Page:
In a recent Purdue University survey, farmers reported adopting solar leases at more than double the rate of carbon sequestration plans as a much higher price-per-acre was offered.
Purdue University released the results of its Ag Barometer, a monthly survey of farmers in the U.S., and found that farmers are adopting solar leases at double the rate of carbon sequestration contracts.
Farmers are continuing to turn to solar as a source of income, with financial fears brewing in the agricultural sector, said Purdue. The Farm Financial Performance Index has fallen 24% in just one month, as farmers are expecting their input costs to rise much more rapidly in the year ahead than they have over the last decade.
Increasingly, solar is being considered and adopted by farmers to balance the books. Of the 400 surveyed farmers, who run operations larger than $500,000 in annual revenue, nearly one-third are aware of solar leasing opportunities for their farmland, and 29% have engaged in discussions with solar companies about leasing their land.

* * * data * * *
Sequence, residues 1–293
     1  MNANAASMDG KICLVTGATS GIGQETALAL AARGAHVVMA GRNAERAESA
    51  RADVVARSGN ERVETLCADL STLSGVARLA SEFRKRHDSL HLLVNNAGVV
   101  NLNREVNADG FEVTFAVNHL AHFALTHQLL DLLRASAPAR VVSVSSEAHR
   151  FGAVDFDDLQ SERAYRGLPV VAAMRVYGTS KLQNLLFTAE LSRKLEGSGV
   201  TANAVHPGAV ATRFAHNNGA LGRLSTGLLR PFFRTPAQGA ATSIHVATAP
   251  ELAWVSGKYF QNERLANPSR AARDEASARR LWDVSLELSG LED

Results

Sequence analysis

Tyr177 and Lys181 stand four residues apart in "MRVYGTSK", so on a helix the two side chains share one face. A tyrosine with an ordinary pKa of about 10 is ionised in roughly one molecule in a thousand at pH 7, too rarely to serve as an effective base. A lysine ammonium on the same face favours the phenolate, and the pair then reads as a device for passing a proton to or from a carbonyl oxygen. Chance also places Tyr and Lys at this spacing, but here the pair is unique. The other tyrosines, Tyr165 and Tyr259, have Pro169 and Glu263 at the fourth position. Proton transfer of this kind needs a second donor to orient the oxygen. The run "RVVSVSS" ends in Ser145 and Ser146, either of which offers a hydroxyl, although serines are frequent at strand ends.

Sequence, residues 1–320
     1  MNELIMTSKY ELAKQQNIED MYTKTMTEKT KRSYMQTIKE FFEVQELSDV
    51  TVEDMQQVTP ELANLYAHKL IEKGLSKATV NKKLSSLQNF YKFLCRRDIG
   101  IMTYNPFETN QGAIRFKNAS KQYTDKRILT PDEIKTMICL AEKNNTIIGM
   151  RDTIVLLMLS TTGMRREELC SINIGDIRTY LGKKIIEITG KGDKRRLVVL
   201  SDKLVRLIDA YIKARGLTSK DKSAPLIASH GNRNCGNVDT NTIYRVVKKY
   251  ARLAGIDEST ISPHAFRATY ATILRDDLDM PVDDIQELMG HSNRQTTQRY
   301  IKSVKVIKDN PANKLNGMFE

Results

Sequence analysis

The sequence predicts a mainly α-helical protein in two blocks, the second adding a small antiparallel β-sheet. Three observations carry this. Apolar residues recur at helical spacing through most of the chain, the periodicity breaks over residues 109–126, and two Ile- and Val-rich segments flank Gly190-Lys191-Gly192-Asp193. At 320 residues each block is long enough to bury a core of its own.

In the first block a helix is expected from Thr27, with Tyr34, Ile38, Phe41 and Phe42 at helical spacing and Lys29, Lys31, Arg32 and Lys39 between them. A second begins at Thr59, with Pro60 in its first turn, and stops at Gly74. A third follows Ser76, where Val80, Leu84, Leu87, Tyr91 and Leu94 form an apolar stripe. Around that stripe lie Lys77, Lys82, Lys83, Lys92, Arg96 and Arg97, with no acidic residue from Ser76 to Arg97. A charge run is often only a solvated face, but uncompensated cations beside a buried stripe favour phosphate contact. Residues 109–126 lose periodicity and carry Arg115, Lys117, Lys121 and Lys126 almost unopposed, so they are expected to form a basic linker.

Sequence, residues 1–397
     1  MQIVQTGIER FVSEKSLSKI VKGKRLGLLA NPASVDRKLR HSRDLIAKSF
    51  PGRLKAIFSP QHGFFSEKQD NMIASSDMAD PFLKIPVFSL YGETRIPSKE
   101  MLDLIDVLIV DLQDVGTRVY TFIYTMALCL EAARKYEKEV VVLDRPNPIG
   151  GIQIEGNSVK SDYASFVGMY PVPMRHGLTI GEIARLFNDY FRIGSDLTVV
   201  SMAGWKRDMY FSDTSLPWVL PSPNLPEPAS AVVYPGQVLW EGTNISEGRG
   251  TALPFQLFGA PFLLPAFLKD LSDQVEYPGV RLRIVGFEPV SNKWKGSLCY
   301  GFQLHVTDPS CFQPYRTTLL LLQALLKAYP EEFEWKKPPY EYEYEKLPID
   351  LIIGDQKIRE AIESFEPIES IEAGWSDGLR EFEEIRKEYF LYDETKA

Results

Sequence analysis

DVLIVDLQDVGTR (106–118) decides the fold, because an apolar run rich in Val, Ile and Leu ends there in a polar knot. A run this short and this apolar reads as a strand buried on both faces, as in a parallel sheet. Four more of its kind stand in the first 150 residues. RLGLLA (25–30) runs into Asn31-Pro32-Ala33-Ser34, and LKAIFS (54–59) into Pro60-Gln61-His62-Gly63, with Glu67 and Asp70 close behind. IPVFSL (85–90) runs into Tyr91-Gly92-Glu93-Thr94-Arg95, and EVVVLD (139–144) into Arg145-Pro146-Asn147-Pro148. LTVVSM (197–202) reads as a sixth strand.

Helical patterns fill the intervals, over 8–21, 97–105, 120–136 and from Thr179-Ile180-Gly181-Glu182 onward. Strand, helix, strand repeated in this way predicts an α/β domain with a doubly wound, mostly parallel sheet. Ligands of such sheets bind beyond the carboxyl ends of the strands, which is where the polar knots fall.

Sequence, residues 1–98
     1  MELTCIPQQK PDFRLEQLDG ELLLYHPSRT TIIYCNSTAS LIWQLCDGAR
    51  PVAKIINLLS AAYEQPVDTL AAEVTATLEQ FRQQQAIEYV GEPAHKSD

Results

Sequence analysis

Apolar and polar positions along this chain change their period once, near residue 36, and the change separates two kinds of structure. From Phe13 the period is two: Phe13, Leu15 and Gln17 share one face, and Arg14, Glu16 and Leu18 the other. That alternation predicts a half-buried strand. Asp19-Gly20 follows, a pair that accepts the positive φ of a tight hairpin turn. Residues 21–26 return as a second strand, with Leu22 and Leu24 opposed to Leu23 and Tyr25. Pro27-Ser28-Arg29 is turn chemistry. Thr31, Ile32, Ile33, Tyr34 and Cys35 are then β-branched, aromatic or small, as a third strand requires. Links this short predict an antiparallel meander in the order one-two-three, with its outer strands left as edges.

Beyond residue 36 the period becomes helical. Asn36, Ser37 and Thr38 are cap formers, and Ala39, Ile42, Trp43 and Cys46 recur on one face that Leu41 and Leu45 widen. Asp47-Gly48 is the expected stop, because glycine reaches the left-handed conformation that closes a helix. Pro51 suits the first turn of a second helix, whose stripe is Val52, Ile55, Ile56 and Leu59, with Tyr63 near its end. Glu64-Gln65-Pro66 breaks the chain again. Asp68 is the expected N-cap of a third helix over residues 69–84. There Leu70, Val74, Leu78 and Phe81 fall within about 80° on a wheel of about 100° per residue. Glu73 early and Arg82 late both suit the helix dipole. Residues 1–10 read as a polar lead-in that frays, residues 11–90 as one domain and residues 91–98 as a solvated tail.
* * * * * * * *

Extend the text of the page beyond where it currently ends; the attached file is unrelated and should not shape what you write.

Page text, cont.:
One in ten of those farmers who engaged in talks moved forward with solar, with 2.9% of total respondents saying they currently have solar lease contracts. This compares to only about one percent of farmers engaged in carbon sequestration plans.
Solar leases currently are offering some financial relief, but the surveyed farmers have witnessed a wide range of per-acre pricing for their contracts.
A third of the projects offered less than $500 per acre annually, and about 27% percent said their solar contract offering ran at $1000 per acre or more, with the rest falling in between.
These prices dwarf the $20 per acre value of carbon sequestration plans. Though in carbon sequestration plans, the farmer will still have utility of the cropland and the value therein, they may have to change their practices to achieve the contract’s sequestration goals.
Most solar fields do not support farming in the same space, but a rising trend of agrivoltaics may change that.
Carbon sequestration plans will need to make a stronger business case to farmers already feeling pain if wider adoption is to be seen. Such carbon plans are not necessarily in a zero-sum game with solar projects, so creative ideas on this front could generate new value chains.